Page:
Philly might be the most neglected city in rap history. Every period of hip-hop comes with an important Philly artist—Schoolly D, Will Smith, Black Thought, Beanie Sigel—yet the city doesn’t get as much recognition as New York usually does. Lately, Philly’s signature battle rap sound has been splintering; Meek Mill is helping keep street rap commercially viable with an uncompromising style, while Lil Uzi Vert is going in a whole new direction with influence from Atlanta. Then there’s Kur, one of the nicest new cats who spits testimonials like he’s dry heaving from the bottom of his stomach. Maaly Raw is the 22-year-old producer soundtracking Philly’s new wave.
He’s responsible for some of Uzi’s biggest hits (“Do What I Want,” “Money Longer”) and has been working with the Luv Is Rage rapper since 2014, when he heard Uzi guest on a song Maaly had produced for Kur called “I Don’t Give a Fuck.” Ever since, Maaly’s become Uzi’s closest musical collaborator, constantly either sending beats from Philly or joining Uzi at Don Cannon and DJ Drama’s Means Street studio in Atlanta. “He changed his style up a lot of times,” says Maaly of Uzi’s evolving sound throughout the years, “but when I first started working with him, he was kinda lyrical, then he started getting more into the melodies, into how he is now.” Born and raised in West Philly (he spent some time in Delaware County as a kid too), Maaly learned about producing beats from his cousin B-Jones. Maaly had always wanted a drum set, and some of his favorite producers included Drumma Boy, Shawty Redd and Lex Luger, so when he found out about Fruity Loops, it only took a quick tutorial from his cousin to set Maaly off. “After that, I just never stopped,” he remembers.
“I basically taught myself everything after that.” He still uses FL to this day. Maaly started working with Kur in 2014 when the MC went on Twitter to ask for beats and someone recommended the producer’s work. They hit it off quickly, making records like “33 Shots” and “Catch Up” and establishing a chemistry in the studio. “We’re kinda similar,” says the producer. “I don’t really talk a lot, he don’t really talk a lot.” When Maaly heard Uzi spitting on Kur’s track, he wanted to work with the North Philly MC, so he told his manager Mean, who knows Uzi since way back, to make it happen, and they started working together that same year on an early Uzi tape called The Real Uzi. When we spoke with Maaly earlier this week, he was in Atlanta at Means Street working with Uzi day and night to finish the long-awaited Luv Is Rage 2 project, which Uzi first announced back in November 2016. There are reports the album is due this fall, and according to Maaly, the project is “about 90%” finished right now. “It’s basically done.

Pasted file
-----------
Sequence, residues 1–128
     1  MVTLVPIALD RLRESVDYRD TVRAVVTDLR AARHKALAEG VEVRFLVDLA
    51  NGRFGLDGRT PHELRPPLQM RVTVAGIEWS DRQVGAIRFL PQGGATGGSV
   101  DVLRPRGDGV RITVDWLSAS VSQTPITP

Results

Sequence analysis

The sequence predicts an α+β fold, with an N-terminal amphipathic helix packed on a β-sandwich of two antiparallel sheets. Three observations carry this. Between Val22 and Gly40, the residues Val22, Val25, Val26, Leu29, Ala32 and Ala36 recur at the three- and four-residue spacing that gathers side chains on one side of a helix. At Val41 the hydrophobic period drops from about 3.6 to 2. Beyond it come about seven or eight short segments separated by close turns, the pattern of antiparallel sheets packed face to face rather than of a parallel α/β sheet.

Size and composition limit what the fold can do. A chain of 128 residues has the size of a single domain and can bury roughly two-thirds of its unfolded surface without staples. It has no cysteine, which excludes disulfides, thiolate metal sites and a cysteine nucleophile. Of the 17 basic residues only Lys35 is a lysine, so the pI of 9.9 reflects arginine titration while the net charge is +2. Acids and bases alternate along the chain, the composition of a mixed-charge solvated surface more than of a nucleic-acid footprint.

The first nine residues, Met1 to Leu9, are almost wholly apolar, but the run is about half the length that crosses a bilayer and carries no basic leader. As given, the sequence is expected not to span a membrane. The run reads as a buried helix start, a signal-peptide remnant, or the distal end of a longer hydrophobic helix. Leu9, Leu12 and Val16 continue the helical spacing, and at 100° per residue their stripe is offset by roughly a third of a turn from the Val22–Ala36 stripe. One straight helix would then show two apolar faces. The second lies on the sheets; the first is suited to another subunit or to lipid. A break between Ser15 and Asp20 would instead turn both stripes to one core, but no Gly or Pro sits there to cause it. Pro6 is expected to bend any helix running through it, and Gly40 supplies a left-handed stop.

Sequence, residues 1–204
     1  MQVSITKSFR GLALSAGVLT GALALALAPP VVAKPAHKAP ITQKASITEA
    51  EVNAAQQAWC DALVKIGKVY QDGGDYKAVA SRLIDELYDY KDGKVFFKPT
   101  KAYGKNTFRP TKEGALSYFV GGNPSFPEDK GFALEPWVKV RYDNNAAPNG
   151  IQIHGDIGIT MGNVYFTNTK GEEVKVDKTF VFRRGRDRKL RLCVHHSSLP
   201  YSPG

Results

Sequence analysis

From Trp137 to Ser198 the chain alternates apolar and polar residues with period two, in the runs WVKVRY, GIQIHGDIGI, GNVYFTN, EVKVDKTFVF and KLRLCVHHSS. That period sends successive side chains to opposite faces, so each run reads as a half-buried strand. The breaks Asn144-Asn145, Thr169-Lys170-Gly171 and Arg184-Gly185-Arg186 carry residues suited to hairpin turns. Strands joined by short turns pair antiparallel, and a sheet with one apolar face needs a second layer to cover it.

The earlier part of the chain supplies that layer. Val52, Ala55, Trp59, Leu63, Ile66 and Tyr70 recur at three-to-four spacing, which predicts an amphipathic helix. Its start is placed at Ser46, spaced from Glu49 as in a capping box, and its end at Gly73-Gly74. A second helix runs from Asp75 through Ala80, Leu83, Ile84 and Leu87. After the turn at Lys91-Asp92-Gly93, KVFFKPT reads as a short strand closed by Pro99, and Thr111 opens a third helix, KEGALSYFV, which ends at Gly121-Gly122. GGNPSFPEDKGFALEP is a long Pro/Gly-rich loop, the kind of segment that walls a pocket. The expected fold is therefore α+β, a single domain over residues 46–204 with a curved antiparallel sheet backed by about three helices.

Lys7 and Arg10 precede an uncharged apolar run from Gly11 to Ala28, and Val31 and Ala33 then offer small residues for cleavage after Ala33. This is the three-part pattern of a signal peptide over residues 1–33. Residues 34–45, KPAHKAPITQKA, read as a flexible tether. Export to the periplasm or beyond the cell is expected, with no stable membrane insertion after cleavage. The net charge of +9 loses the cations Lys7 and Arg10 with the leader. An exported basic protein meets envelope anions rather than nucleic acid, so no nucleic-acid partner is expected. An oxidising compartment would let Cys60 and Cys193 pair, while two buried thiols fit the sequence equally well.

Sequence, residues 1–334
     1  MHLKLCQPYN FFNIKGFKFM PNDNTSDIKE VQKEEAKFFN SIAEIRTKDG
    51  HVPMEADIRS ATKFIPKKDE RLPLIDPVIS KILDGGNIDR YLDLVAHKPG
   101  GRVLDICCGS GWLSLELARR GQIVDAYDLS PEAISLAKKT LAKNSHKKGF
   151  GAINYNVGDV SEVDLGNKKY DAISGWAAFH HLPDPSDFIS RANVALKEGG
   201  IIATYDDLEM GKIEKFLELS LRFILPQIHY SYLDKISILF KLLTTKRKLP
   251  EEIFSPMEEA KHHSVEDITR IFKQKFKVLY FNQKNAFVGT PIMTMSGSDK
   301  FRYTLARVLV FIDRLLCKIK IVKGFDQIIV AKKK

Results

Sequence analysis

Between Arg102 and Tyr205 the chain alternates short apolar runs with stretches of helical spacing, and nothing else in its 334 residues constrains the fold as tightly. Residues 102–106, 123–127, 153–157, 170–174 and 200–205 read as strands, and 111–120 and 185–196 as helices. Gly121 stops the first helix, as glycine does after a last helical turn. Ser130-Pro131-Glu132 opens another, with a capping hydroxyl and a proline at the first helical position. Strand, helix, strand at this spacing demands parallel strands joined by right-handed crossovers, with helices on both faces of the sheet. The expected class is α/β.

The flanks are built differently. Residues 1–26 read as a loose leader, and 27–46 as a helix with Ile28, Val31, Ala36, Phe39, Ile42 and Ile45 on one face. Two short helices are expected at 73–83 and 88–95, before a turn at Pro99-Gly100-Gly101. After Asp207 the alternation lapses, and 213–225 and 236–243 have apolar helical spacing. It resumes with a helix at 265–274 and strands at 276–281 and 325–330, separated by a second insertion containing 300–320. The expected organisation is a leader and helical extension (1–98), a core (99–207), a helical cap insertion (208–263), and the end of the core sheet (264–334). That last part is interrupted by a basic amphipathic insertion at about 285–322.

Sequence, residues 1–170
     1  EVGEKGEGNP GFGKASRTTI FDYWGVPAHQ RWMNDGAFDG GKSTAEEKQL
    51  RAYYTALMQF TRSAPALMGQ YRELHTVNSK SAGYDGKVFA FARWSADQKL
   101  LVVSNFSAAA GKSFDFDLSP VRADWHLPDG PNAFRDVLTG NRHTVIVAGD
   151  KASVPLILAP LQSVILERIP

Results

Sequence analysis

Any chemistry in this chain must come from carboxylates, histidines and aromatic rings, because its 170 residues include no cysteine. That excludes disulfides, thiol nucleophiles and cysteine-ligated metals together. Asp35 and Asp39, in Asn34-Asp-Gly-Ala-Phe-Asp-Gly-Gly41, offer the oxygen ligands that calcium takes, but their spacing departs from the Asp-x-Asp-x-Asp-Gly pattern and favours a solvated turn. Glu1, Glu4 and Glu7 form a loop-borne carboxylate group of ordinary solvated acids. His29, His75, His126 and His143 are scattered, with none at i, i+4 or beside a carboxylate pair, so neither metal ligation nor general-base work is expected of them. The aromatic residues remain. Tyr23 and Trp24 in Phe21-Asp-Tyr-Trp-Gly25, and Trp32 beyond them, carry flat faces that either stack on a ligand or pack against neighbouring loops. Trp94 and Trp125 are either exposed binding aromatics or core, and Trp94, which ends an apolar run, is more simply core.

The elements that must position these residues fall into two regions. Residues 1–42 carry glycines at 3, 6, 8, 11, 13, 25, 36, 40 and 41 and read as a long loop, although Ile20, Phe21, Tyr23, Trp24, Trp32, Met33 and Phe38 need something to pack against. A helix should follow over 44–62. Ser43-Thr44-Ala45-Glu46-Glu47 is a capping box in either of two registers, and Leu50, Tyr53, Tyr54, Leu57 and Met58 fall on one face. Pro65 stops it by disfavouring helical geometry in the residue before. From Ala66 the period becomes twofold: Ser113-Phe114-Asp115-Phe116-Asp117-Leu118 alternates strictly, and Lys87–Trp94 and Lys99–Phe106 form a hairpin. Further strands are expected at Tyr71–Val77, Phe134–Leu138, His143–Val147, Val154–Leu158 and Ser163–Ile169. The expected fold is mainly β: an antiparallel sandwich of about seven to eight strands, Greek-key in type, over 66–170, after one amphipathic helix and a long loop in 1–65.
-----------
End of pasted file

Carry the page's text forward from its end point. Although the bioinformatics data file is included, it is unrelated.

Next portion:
I guess we’re just working on extra songs trying to really perfect it,” he tells us. Atlantic couldn’t be reached for comment as of publication, but Maaly says the label has set a deadline for the project to be turned in, though he wouldn’t say what the date is. “We’ll be in the studio from 2 p.m. to 6 a.m. every day. We basically sleep there,” Maaly says about recording Luv Is Rage 2. “Uzi works fast, real fast. I’ll pull up a beat, he’ll do it. He’ll hop right up and wanna work on the next one right after that. It just be like that, all day.” Both Maaly and Uzi have been developing their styles on the new album. Maaly says he used to put too many sounds into his beats, but now he’s simplifying them and focusing on “really putting together a record.” As for Uzi, he’s apparently more picky about choosing beats than he’s ever been before. Asked how the project sounds, Maaly calls it a “classic.” “Everything [Uzi] been doing,
he just elevated it, that’s all. Different sounds—the way I’m comin’ on it, I’m comin’ different. Some of the stuff on [Luv Is Rage 2], people not expecting from me, so that’s gonna be exciting when you hear it.” Maaly just scored a placement on Meek Mill’s Wins & Losses album with the Quavo collab “Ball Player,” but he’s got his eyes set on working with more rap stars in the near future. “I wanna work with 21 Savage, Young Dolph, Tee Grizzley, A Boogie,” he says. “I really wanna work with Kodak Black, too. I know he’s about to drop his album, so I’m definitely trying to finesse that.” He’s also producing an entire project for Kur, and he’s got a couple more surprises up his sleeve too. “I’ve been working with a new artist, I don’t even wanna’ spill the beans,” he says. “But you can definitely expect a lot of Maaly Raw for the rest of the year. We just gonna finish out the year strong.” Listen Live to Atlanta Newest Hip Hop and R&B Station: www.jamz101fm.com